During the summer months, I was forced to buy several Capri pants to conceal the WalkAide. I didn’t want to be a conversation piece (personal preference). The WalkAide does fit under my jeans, though if I need to get to it, I have to pull my pants down


I play golf during the summer so I wear shorts or skorts that are just above my knee. I use something called a "skull wrap" by Under Armour to cover the WalkAide. It is about 4" wide and is elastic -- comes in black, red, white, and blue -- you can buy at Dick's Sporting Goods. I like it because it not only covers the WalkAide, but it also offers a bit of protection. I do not wear skinny jeans---so my WalkAide fits under my jeans nicely and I can pull up the pant leg to adjust.

The act of walking correctly alleviated many aches and pains


Yes, it makes such a difference.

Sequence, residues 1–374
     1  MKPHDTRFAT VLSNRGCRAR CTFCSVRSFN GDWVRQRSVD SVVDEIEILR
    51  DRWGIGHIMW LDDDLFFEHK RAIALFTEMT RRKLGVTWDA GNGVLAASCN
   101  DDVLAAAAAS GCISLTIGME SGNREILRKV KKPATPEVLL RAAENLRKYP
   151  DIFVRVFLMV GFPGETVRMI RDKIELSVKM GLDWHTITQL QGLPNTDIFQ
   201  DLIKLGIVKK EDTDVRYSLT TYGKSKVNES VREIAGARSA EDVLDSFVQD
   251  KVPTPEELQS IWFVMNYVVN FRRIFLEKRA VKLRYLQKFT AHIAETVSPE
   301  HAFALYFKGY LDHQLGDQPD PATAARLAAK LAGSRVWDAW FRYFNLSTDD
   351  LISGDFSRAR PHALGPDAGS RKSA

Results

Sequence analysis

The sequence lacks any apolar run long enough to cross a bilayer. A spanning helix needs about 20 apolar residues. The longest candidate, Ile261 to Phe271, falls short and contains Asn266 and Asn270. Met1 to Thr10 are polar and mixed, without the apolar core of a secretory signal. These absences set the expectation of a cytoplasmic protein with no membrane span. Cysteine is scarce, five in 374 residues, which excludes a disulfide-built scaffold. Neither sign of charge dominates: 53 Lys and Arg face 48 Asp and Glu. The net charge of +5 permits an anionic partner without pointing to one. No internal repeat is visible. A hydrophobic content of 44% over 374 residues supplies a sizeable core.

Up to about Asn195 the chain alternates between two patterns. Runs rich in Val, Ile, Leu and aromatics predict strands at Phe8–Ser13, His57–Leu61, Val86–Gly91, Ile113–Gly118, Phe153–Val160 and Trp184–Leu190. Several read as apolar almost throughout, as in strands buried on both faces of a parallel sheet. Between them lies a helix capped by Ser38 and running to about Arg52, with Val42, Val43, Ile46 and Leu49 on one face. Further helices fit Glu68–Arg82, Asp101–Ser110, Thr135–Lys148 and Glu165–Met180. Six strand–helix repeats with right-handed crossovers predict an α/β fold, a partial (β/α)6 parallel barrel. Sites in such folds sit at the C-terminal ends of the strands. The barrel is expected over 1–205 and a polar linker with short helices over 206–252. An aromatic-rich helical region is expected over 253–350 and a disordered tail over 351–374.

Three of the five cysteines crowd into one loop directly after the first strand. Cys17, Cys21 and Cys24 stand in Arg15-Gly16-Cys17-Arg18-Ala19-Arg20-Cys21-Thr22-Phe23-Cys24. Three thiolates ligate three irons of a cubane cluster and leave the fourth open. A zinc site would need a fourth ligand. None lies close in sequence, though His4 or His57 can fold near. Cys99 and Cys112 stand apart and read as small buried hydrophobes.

Sharon
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WalkAide update

Postby cas » Wed Dec 02, 2009 4:56 pm

Sharon,

I did pay for the WalkAide. I was looking at my on-line insurance statements and it stated that a check had been sent to the rehab center. I was confused because I already received a letter that coverage was denied. As soon as the rehab center received the insurance check, I was issued a refund.

My husband walks with me daily. I ask him to “watch” my foot and tell me what it is doing. He doesn’t notice the eversion as much as he use to. I have a HUGE library of exercises to strengthen every muscle in my body especially hamstrings and calves. I’m going to do more research on how the function of one’s ankle has to do with walking. My condo association recently added a small exercise room so I get to use a treadmill. Strengthening my muscles and practicing walking is my full time job. If I actually were paid, I’d be rich.

Thanks so much for the lead on the “Skull Wrap.” I already did a google search. You are very insightful.

ps I can only wear very good walking shoes. I can’t go barefoot or wear shoes with worn soles. I forgot to include that.

cas